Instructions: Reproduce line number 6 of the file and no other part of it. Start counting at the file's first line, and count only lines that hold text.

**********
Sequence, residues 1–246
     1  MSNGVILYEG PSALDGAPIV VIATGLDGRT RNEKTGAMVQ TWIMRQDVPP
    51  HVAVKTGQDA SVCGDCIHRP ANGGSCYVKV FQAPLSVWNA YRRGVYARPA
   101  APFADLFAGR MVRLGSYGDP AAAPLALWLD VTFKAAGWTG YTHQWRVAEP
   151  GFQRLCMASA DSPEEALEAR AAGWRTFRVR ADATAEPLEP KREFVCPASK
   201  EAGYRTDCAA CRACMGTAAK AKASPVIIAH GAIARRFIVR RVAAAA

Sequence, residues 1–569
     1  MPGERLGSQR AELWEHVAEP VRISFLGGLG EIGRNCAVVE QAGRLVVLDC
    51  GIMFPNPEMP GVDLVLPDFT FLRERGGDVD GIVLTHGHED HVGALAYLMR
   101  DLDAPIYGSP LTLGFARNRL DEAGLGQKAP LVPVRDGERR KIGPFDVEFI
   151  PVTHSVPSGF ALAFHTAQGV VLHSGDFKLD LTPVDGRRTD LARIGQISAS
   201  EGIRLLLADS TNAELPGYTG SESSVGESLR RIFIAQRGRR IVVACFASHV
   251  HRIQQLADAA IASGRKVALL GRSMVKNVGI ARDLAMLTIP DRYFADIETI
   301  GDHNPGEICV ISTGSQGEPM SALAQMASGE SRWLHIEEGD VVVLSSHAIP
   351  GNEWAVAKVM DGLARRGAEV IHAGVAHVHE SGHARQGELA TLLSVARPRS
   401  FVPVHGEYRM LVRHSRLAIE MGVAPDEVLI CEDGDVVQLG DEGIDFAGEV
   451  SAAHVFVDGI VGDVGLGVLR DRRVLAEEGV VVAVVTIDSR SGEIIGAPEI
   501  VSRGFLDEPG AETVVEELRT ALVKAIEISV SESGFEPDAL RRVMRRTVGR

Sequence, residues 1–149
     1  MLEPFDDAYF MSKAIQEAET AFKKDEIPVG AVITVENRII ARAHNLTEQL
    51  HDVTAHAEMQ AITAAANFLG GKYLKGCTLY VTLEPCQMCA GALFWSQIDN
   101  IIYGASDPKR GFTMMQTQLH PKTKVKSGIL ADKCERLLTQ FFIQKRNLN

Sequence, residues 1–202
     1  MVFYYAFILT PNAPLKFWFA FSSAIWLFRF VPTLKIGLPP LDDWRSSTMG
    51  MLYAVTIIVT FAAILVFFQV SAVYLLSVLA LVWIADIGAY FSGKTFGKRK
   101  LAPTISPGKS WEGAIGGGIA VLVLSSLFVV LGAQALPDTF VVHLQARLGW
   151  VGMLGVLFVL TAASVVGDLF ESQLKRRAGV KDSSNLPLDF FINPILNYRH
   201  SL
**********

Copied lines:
   201  EAGYRTDCAA CRACMGTAAK AKASPVIIAH GAIARRFIVR RVAAAA